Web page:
5 Tips for Taking Care of Your Lawn in Spring

Posted by

Lawn & Garden

The feeling of fresh cut grass under your feet is a great sensation that everyone loves. American homeowners take pride in their lawns and spend about $6.4 billion yearly on lawn care, including buying equipment, fertilizers, herbicides, and other necessary items to create the perfect lawn. Spring is the perfect time to start maintaining your lawn. Winter can change soil pH and create conditions that are friendly to weeds and diseases. Therefore, it is essential to clean, fertilize, and mow your yard early in the season. If you are unsure of what to do, check out our list of spring lawn care tips.

5: Cleaning and Repairing Your Lawn in Spring

If your lawn is well-maintained, you can give it a light rake once the ground is dry. However, if you have problem areas, it is important to address them quickly as they can stress your lawn and make it more susceptible to weeds and diseases. Uneven ground can cause poor drainage and scalping by the lawn mower. To fix this, cut away the raised areas and fill in the depressed areas. Soil compaction can also be an issue, making it hard for grass to take root and allowing weeds to grow. A garden fork can be used to test the soil; if the tines do not penetrate at least 2 inches, soil aeration is necessary. Thatch, a tangle of above-ground roots, can also be a problem and can be removed with a rake or a dethatcher.

4: Planting Grass in the Spring

After cleaning and repairing your lawn, you may need to reseed areas that are bare or brown. It is important to address soil conditions to prevent grass from dying in the future. A soil test from a Cooperative Extension office can help determine what nutrients your lawn needs. Once you have corrected your soil composition, aerate the ground to avoid soil compaction.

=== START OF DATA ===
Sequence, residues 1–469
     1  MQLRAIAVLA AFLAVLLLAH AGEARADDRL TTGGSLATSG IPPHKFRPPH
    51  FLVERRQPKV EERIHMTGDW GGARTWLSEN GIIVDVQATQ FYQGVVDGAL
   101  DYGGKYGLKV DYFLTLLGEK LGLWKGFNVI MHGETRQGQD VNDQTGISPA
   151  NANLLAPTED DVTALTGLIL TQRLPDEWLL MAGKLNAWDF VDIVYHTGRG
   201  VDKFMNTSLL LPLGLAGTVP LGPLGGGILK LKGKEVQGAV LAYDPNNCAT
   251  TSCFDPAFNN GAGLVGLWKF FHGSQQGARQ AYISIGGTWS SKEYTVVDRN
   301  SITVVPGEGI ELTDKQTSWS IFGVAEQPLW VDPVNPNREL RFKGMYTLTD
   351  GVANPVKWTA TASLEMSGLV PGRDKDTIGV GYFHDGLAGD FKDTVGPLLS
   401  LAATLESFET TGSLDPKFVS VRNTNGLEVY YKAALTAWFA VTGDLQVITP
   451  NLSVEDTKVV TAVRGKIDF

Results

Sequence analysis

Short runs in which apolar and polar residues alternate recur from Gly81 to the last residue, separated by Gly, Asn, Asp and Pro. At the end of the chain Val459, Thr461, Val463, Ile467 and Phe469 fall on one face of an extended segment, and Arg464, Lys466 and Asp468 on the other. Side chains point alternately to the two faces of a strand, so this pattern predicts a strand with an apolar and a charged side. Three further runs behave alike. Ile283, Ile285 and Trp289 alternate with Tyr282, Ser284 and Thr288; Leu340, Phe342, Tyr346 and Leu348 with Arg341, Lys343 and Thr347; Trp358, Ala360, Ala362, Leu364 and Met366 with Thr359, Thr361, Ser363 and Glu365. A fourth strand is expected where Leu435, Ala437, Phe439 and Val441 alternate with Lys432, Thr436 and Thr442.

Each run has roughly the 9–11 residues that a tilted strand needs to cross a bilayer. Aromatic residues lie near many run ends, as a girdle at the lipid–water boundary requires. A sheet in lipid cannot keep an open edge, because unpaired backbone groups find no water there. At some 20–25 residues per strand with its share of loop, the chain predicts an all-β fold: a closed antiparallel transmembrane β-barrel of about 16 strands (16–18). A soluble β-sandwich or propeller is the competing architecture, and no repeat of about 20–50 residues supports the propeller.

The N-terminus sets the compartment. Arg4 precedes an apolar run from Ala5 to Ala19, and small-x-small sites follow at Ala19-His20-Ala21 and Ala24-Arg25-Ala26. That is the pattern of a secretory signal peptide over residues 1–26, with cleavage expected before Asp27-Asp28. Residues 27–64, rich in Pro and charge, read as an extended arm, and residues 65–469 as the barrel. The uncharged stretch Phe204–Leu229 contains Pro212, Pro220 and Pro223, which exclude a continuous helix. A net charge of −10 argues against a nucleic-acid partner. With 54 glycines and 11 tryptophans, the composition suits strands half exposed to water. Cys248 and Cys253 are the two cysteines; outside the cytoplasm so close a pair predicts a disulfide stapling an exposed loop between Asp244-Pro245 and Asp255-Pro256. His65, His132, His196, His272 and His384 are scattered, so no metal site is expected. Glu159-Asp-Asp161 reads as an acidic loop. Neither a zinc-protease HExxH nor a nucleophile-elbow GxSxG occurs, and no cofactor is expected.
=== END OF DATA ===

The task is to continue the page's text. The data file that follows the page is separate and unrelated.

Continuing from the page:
After selecting which grass seed to use based on your region and sunlight, estimate the size of the area you plan to plant. Use a broadcast spreader for large areas or seed by hand for smaller ones. Remember to water regularly and fertilize with a low-nitrogen product once the grass is planted. Mow when the grass reaches 3-4 inches, but avoid cutting off more than half an inch at a time to prevent stress on the plant.

For optimal growth and weed control, fertilize your well-established grass with a slow-release nitrogen fertilizer. Apply no more than 1 pound of nitrogen per 1,000 square feet and choose the appropriate timing for your region. Use herbicides with caution, applying pre-emergent treatments for widespread weed infestations and spot treatment for isolated problems. Mow at the tallest height recommended for your grass type to promote a healthy lawn.

Grass seed should be planted once the soil temperature reaches around 65 degrees Fahrenheit.

The appropriate length to mow your lawn depends on the type of grass you have. Common bermudagrass should be cut to 1-2 inches (2.5-5 centimeters), while fescue and Kentucky bluegrass should be cut to 2-3.5 inches (5-9 centimeters). St. Augustine requires a height of 2-4 inches (5-10 centimeters), and zoysia should be cut to 0.5-1.5 inches (1-4 centimeters) [source: Morris]. It’s important to only remove the top one-third of the blades when mowing your lawn, as this will reduce stress on the grass and allow clippings to decompose more easily. Instead of bagging the clippings, leave them on the lawn as the organic matter they provide is beneficial for the soil.